24 July 2014 0 Comments

The Best or Worst Retirement Tool

shutterstock_143828704The primary purpose of life insurance is to provide a death benefit, not to build cash value.  Its main function is not to supplement retirement income.  With that said, however, life insurance policies have some advantages not offered by any other financial vehicles that can provide for a very efficient retirement resource.  They can also produce some of the worst results when improperly used.

First, for the good features:  cash values can be accessed from life insurance policies during your lifetime without creating any taxable income and without having any negative tax effect on Social Security retirement income.  Income received is even more tax efficient than tax free municipal bonds inasmuch as their interest may be free of income tax, but it does count when calculating tax on Social Security benefits.  Cash values of life insurance policies are received totally tax free by withdrawing to basis and then borrowing additional funds at a zero (or close to zero) net cost of borrowing.  At death, the remaining net death benefit is paid to beneficiaries free of income tax. No other financial vehicle has all of these tax advantages.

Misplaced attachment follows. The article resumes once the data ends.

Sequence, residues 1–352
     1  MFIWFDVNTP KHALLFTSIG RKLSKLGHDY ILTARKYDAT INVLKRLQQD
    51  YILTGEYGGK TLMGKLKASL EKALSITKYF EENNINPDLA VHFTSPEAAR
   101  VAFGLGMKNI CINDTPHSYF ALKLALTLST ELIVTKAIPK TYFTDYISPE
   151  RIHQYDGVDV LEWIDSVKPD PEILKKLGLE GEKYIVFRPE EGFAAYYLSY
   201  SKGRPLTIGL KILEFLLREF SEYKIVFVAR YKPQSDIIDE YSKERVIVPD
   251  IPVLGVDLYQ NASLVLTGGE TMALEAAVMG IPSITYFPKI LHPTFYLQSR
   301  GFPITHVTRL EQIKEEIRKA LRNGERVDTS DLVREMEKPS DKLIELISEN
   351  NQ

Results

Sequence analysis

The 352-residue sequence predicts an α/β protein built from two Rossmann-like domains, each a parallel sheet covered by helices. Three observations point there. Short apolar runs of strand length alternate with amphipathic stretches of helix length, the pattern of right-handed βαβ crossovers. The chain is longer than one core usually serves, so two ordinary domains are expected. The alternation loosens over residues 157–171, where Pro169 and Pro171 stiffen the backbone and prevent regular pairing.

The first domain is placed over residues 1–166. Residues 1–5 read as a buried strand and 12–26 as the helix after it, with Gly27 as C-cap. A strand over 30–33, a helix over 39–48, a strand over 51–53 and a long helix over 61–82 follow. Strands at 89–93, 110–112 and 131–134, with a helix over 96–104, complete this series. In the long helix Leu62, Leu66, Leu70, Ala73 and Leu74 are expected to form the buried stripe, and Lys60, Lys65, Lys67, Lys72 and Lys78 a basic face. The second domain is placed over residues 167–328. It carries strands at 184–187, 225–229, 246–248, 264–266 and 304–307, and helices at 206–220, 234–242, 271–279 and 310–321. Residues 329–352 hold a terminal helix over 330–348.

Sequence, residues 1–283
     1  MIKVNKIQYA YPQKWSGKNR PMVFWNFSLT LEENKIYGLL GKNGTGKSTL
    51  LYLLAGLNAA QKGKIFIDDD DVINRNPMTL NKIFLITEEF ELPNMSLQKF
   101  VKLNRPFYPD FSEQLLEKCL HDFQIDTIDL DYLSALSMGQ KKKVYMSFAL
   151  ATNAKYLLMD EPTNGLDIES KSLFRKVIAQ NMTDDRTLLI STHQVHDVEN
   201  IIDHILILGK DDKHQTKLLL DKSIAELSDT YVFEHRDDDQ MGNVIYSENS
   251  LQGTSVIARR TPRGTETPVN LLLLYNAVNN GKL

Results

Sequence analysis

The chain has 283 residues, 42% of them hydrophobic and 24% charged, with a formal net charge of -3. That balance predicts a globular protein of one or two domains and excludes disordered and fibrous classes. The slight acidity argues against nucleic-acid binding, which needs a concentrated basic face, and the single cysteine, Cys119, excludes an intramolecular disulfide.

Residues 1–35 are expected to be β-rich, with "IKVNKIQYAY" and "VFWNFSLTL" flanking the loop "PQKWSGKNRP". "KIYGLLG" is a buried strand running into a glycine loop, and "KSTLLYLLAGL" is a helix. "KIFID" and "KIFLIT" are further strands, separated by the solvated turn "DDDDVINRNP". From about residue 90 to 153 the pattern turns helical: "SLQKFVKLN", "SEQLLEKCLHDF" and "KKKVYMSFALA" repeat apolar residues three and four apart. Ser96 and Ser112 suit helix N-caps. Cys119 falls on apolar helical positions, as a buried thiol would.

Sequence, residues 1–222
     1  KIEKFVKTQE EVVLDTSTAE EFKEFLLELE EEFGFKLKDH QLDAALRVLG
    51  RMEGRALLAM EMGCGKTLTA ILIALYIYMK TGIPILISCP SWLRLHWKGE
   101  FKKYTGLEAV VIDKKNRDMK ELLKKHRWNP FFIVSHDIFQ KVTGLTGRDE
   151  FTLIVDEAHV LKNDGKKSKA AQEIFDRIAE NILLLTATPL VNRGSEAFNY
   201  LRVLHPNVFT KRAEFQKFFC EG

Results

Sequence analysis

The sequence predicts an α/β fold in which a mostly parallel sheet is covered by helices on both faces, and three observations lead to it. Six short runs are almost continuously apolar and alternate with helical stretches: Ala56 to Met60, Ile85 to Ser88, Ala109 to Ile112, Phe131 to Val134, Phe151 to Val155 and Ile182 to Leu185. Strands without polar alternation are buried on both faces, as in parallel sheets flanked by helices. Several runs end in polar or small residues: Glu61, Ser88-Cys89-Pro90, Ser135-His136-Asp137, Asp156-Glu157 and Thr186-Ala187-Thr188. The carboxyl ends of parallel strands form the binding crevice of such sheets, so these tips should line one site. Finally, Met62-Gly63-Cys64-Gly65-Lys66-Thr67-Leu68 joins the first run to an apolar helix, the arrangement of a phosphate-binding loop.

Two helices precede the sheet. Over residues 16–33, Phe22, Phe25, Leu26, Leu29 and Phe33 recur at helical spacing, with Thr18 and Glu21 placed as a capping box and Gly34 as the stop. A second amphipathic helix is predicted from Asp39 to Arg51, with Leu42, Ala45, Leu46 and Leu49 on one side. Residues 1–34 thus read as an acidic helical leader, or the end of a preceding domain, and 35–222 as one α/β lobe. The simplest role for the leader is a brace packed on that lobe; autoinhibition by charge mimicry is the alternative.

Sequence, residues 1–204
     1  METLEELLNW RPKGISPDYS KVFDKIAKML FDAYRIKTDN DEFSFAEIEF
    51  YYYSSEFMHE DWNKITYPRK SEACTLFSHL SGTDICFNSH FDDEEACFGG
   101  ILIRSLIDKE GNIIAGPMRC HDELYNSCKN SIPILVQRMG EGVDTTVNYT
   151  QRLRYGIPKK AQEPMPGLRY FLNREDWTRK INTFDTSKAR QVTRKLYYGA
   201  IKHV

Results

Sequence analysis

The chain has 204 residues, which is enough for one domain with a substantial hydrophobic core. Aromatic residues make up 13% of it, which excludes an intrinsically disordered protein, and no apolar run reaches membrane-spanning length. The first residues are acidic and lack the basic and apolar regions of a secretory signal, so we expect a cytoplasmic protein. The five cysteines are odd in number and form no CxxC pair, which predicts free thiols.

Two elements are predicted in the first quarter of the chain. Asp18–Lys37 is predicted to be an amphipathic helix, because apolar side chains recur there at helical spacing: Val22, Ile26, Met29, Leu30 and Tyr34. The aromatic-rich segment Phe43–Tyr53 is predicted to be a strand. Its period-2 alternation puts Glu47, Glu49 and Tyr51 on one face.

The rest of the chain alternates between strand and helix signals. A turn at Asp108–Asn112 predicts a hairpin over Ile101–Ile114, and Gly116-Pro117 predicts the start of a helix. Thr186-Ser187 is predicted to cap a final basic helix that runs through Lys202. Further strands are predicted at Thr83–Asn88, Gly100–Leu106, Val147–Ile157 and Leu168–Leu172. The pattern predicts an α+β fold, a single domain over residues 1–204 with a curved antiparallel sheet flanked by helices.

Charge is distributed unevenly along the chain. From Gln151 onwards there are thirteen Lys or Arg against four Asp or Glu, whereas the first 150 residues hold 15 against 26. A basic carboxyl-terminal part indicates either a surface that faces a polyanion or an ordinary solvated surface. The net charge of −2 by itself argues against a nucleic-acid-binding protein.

Add to these advantages the features of Indexed Universal Life and you have the ability to accumulate funds using the upside potential of the market with downside protection in a bear market.

So, what can turn this best retirement income supplement into one of the worst?  Here’s what to be aware of:

  • Since there is a death benefit included, there are pure insurance costs of providing this protection, so if you have absolutely no need for insurance, these added charges may not be offset by the tax advantages.
  • Even if you can use insurance, the cost of insurance in these policies is much higher than term, so be sure to construct the policy with minimum death benefit possible for the premium paid.  Use term for any excess death benefit needed.
  • There are surrender charges if the policy is discontinued during the early years, so look at this as a minimum 15 year premium commitment.
  • Don’t overcommit today to a premium you may not be able to continue.  A sure way to lose is to start a policy, then stop it and jump to another policy.
  • Resist moving the money around in the various accounts available.  The index you select will probably be good for the long term…stick to it.
  • Don’t allow the policy to lapse before death or there will be tax on any cash—in the policy, withdrawn and borrowed—in excess of the premium paid.

If you’re ready to commit to a retirement plan, properly structured life insurance can be a great option…just do it right!

Coming up…the feel good factor.


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